The actual quality performance trajectory for each team is affected by the particular characteristics of the team and its production environment. These characteristics can often be influenced by the design and management of the work team implementation process, and addressed to improve performance outcomes. For example, training in team problem solving provided skills in identifying and implementing improvement ideas for greater performance gains.
At the least, understanding how the characteristics of a work team and its production environment can either promote or inhibit sustainable performance gains helps to manage expectations about quality performance outcomes following work team implementation. But by taking a proactive approach, much can be done to design and manage the work team implementation process to obtain the potential benefits of worker participation and achieve better and faster results.
Field illustrates her propositions with a longitudinal study of four production work teams in a unionized plant. The study demonstrates how management of the work team implementation process and differences among the teams affect quality performance outcomes. The teams were followed for nearly three years, with a follow-up one year later, to observe their long-term impact.
Quality Management Training in Small to Midsized Manufacturing Firms
Chuck Ryan, The University of Southern Mississippi, Richard H. Deane, Georgia State University, and Ned P. Ellington, Georgia Institute of Technology
Family-owned businesses are crucial to the success of the U.S. economy. It is estimated that family enterprises account for some 40 percent to 60 percent of domestic gross national product, and approximately 15 percent to 59 percent of the work force. Additionally, research suggests that most of the growth in employment is generated by smaller and/or family business, and that this trend should continue.
While family businesses are strategically important in today's economy, their failure rates are remarkably high. According to research, more than 50 percent of new family-owned firms fail within their first five years, and fewer than 15 percent survive through the third generation. Most of the literature dealing with this phenomenon centers on financial or successor planning, and relatively little work has been undertaken in the area of quality management practices and performance within family-owned firms. This, despite the importance of family-owned businesses to the economy and the recent emphasis on quality management, one of the keys of which is training.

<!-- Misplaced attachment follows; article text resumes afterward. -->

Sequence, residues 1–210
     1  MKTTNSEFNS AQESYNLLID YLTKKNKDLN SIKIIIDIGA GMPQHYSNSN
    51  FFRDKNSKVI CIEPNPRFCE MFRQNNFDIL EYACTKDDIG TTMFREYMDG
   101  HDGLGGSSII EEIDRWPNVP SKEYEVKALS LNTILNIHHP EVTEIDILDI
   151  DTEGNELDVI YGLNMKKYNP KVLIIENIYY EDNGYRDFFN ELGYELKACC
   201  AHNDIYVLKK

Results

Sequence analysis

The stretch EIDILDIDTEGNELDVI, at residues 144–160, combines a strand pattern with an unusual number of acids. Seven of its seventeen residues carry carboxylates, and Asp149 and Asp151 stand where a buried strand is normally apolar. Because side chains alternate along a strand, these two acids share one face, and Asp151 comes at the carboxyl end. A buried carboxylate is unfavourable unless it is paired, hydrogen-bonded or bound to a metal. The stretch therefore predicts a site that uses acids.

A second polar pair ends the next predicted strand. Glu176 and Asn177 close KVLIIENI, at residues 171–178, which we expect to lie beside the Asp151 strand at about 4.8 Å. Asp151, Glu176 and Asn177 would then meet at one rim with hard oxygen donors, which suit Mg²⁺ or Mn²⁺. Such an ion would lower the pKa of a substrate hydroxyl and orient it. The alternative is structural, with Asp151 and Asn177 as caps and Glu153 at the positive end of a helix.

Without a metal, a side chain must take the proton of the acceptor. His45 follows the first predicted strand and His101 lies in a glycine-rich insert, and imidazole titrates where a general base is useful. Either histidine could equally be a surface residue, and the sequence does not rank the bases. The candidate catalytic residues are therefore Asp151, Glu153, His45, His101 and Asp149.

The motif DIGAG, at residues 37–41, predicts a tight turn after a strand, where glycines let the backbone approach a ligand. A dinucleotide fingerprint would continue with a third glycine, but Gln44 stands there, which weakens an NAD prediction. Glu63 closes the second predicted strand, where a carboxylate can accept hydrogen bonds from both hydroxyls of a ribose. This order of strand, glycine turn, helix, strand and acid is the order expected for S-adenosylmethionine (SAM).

Thus, the purpose of this paper is to investigate quality management training practices in small- to medium-sized manufacturing firms. The research specifically seeks to establish whether there is a difference in the relationship between training and performance, based on ownership type (nonfamily-owned versus family-owned). This research attempts to answer several questions.
Overall, this study shows that quality management training in the form of three critical factors (employee technical skills and relations training; management/supervisor quality culture and tools training and management/supervisor leadership and communications training) has a significant impact on performance for small- and medium-sized firms. The higher the level of training in the three critical areas, the better the financial performance. This result suggests that businesses with lower levels of quality management training face a serious long-term competitive disadvantage relative to their counterparts with higher training levels.
Furthermore, family-owned organizations in this study generally conduct lower levels of quality management training than their family-owned counterparts. These family-owned businesses are simply not making the same investment in quality training as nonfamily-owned firms. This lower level of quality management training impedes their ability to compete with nonfamily-owned companies and, over time, may help explain why the failure rate of family-owned businesses is so high.
Comparing Quality Management Practices in the Manufacturing and Service Industries: Learning Opportunities
Hongyi Sun, City University of Hong Kong
This article records empirical research regarding the ways in which quality management practices differ between manufacturing and service industries. It also identifies the ways in which these two industries can learn from each other. The research is based on a survey conducted in Norway. The main findings are as follows:
This research not only reveals the differences in quality management practices defined by TQM, but also the differences in ISO 9000 certificates, the contribution of TQM to business performance, the contribution of ISO 9000 certificates to business performance, and the relationship between ISO 9000 and TQM. These findings bear useful implications for manufacturing companies, service companies, and future research.